Tex-Mex food is not quite Texan and not quite Mexican. It is a special blend of the two that occurs in the Lone Star State and other border states like New Mexico, Arizona, and as far north as Colorado where authentic Mexican food can be found. Today, this popular cuisine reigns supreme, but a generation or so ago, Mexican food was only found inside family homes in the United States.
It was only when cities started to grow that the Mexican kitchens began to grow, too. Mothers who once made tacos for their children were soon catering dinners for local residents and whose popularity eventually encouraged them to open their own brick-and-mortar restaurants.
In tandem with the expansion in size of Mexican eateries, so too did the types of food evolve. With the availability of certain ingredients and the lack of others in Texas, soon cheddar cheese began replacing the authentic Mexican queso fresco and flour soft tortillas started to become a staple next to the more traditional corn tortillas found in Mexican restaurants.
While there is a debate as to where the home of Tex-Mex cuisine is, what can be said for certain is that each region of Texas has dishes specific to the area. From street food like elotes to more involved Mexican cooking like cheese enchiladas, Tex-Mex has expanded across the country, with places in New York City and Chicago recreating some time-honored classics. So what are some of the classic Tex-Mex dishes? Here are a few that look similar but that, as a true connoisseur, you should absolutely know the difference between.
1. Enchiladas vs. Flautas
Enchiladas are an absolute classic. Corn tortillas bursting with a cheese and meat filling, usually ground beef or shredded chicken, and then covered in an ocean of salsa, there is nothing you can't love about this dish.
However, don't get them confused with flautas which are also rolled up corn tortillas that are filled with meat and cheese. Unlike enchiladas though, this Tex-Mex classic is fried until crispy. Most authentic Tex-Mex restaurants will whip up a version of the best flautas you've ever had.
2. Tacos vs. Burritos
If you're in Central Texas, then tacos are clearly the only option. However, in the rest of the state, burritos are key players, too.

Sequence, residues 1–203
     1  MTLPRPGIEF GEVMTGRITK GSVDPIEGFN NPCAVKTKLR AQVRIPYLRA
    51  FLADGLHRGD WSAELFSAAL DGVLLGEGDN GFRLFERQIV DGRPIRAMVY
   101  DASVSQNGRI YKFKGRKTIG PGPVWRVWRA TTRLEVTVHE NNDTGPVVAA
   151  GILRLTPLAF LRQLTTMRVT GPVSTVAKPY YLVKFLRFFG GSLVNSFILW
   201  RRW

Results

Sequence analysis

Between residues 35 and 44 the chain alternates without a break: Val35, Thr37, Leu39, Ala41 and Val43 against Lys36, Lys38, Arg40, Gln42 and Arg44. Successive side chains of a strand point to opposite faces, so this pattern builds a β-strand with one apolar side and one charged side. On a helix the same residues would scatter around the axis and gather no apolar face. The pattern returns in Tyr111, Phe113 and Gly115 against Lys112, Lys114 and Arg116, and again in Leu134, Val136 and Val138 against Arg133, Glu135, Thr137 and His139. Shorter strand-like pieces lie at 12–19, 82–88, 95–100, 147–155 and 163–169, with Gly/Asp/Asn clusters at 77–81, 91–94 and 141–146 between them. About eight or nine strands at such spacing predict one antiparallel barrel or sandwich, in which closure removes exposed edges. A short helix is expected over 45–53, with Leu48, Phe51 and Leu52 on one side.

Tacos are corn or flour tortillas that are loaded with anything you can dream of and then topped with salsa, sour cream, or guacamole. And for the record, real tacos are always soft like burritos. No Taco Bell taco shells here.
Burritos are essentially the bigger version of a taco and should never be served as breakfast burritos. That is just an imitation of the real-deal breakfast tacos.
3. Fajitas vs. Barbacoa
These two dishes are very similar, but there is one defining difference. Fajitas are simple grilled pieces of chicken, beef, or seafood that are often served in a sizzling skillet with onions and peppers. Barbacoa, though, is strictly spiced beef that comes from a cow's head and is cooked until it is so tender, it falls apart.
Both are served with warm tortillas for taco-making purposes. Barbacoa, similar to Texas barbecue, is cooked low and slow, and can be found across the state in places like El Paso and San Antonio.
4. Huevos Rancheros vs. Migas
Huevos rancheros are also known as rancher's eggs. This dish features fried eggs smothered in ranchero sauce with a side of black beans or refried beans, and corn tortillas. Served for breakfast, it's sure to stick to your ribs and leave you full for hours. This is Tex-Mex food with a purpose.
Migas, which means "crumbs", is also a breakfast dish. Often this combination of scrambled eggs with tomatoes, jalapeños, onions, crispy corn tortilla chips, and cheese is seen in breakfast tacos. However, you can also eat it straight off the plate. Flavorful and filling, just make sure you don't let the chips get soggy.
5. Carne Guisada vs. Cabrito
These are two favorite Mexican dishes designed for comfort. Carne guisada is simply Mexican beef stew. Hearty and warm, it's the epitome of comfort food with chunks of slow-stewed beef that come in a spiced gravy made with onions, bell peppers, and garlic. It's particularly good when doused in hot sauce.
Cabrito, on the other hand, is slow-roasted goat that is served with rice, beans, and salsa. Not quite as soupy as carne guisada, but satisfying nevertheless.
6. Nachos vs. Tostadas
Nachos are what happened when someone accidentally crushed their tostada and didn't want to waste any of the delicious toppings that had fallen onto their plate.
Essentially, tostadas are the more elegant cousin of nachos, and they taste best with queso fresco, the white cheese you can often find in the specialty cheese section of your grocery store if you don't live in the border states.